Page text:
House Democrats unveiled a $2.2 trillion COVID-19 relief bill late Monday, in an attempt to break the impasse on negotiations before the election. The latest version of the Health and Economic Recovery Omnibus Emergency Solutions Act is priced down from the original $3.4 trillion, but is likely to face opposition in the Republican-controlled Senate even if it passes the House.  

The bill retains funds for states to enhance wages for essential workers, and restores $600 weekly enhanced federal unemployment payments through January. It also includes improvements to the Paycheck Protection Program, including the expansion of the program to businesses with less than 10 employees, sole proprietors, the self-employed and nonprofits. In addition, it earmarks money for housing assistance and funding for states to establish and implement strike teams to deploy to nursing homes.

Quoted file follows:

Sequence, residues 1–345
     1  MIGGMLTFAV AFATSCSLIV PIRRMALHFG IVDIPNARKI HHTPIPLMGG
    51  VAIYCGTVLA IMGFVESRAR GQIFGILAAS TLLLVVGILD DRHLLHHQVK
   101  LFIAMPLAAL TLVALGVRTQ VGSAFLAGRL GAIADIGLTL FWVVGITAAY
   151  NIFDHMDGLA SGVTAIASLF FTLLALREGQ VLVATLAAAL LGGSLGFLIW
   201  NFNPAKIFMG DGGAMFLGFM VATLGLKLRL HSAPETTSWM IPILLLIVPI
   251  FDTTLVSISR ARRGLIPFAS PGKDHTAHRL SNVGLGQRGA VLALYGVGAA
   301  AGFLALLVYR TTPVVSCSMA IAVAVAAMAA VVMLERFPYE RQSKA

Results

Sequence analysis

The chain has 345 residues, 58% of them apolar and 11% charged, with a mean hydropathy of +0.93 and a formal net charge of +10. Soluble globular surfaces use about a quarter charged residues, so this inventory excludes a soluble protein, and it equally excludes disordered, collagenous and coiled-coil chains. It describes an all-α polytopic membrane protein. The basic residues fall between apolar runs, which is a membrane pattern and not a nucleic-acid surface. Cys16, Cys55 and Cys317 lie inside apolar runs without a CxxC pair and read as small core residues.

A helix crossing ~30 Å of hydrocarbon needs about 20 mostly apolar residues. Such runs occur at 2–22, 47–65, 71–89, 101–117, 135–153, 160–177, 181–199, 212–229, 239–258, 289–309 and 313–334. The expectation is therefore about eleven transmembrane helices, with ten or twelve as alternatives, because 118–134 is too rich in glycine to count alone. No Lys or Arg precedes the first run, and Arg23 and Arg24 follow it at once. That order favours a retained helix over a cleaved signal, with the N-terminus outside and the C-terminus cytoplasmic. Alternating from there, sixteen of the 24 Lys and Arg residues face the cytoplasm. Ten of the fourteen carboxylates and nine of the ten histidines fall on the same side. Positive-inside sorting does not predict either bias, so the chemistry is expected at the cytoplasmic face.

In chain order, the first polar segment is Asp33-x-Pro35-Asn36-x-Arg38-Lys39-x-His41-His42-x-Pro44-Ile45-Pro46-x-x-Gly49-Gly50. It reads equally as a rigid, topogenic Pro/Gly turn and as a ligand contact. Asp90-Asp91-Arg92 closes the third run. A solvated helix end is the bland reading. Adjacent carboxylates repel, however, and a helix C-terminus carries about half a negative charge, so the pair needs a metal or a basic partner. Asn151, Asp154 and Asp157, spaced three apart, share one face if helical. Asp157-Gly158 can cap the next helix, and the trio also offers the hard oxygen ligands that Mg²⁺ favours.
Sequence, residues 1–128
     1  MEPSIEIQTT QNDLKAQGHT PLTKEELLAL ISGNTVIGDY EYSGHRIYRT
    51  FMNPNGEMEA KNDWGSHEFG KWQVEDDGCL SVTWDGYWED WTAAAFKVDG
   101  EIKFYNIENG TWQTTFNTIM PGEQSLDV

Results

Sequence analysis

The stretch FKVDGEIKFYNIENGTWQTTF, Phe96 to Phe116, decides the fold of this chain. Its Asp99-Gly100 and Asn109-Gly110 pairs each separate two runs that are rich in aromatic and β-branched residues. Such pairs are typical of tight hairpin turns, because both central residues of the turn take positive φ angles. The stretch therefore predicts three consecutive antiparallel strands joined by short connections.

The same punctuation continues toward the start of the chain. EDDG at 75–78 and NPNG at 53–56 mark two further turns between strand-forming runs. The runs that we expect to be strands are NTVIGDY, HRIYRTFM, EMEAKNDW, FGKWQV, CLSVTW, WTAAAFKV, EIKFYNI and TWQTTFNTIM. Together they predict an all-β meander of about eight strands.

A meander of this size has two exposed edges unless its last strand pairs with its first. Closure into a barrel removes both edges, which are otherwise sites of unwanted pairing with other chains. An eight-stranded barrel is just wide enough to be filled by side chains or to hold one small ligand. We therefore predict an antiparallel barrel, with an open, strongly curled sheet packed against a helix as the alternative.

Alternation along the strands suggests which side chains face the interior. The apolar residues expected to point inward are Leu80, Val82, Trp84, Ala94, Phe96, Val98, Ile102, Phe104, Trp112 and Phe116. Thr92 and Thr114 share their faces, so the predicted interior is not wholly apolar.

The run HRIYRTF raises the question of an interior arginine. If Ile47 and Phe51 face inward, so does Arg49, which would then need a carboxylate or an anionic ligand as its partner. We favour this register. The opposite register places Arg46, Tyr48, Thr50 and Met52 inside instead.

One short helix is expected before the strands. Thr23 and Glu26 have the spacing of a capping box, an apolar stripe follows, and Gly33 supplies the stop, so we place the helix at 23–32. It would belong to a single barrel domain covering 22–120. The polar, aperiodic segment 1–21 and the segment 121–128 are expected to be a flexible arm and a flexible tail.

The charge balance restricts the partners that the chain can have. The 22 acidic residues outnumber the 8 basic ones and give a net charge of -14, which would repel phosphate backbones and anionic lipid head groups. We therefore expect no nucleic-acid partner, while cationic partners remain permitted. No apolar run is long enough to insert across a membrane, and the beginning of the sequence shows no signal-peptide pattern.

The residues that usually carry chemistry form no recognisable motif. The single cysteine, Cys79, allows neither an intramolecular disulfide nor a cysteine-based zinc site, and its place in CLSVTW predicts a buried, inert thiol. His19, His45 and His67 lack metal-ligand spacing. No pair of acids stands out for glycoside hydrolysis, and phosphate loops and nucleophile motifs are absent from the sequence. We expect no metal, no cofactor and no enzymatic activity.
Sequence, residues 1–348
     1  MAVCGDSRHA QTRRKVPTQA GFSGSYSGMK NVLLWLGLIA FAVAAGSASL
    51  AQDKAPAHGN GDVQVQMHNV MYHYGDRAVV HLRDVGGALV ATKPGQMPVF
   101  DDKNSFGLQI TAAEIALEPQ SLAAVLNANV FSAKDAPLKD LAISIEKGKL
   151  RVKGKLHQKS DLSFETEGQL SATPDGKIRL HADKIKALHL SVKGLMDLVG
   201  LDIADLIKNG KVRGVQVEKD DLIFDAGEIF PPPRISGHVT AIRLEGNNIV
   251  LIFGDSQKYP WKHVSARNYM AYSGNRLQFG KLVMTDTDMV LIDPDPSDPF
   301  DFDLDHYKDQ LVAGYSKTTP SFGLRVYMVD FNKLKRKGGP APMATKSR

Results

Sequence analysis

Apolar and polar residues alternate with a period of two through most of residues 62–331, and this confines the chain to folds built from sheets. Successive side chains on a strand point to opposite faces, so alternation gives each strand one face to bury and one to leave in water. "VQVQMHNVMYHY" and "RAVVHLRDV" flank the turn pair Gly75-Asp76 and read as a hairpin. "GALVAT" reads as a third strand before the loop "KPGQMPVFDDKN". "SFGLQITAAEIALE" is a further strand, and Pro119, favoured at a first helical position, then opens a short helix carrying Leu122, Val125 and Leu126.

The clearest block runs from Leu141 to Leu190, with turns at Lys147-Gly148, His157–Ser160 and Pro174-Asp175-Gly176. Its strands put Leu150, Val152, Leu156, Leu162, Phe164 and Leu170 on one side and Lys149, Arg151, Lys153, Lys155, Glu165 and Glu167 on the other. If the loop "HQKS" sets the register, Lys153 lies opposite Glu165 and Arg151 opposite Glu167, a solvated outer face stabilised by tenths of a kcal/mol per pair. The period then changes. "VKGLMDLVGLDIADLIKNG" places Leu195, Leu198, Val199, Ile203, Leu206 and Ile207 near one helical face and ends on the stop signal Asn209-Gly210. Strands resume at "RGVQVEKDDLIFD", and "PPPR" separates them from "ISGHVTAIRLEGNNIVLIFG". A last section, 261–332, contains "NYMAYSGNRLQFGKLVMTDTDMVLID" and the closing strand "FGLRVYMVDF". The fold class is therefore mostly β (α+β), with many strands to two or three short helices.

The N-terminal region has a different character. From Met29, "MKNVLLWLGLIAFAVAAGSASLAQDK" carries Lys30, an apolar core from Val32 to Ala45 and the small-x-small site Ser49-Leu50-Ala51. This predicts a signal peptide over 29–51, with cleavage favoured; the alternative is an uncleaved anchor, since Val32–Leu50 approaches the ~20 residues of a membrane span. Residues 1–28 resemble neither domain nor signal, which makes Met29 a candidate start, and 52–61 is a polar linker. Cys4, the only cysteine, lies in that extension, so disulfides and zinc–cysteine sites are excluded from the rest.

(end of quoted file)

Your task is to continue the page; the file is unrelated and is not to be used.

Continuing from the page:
Late last week, LeadingAge sent a letter to Speaker of the House Nancy Pelosi outlining provisions the group sees as critical to providing essential services to older adults and those who care for them. 

“This crisis is not over,” wrote LeadingAge president and CEO Katie Smith Sloan.
Democratic aides told The Hill Tuesday that Democrats plan to bring the bill to a vote before week’s end if an agreement with Republicans doesn’t materialize sooner.

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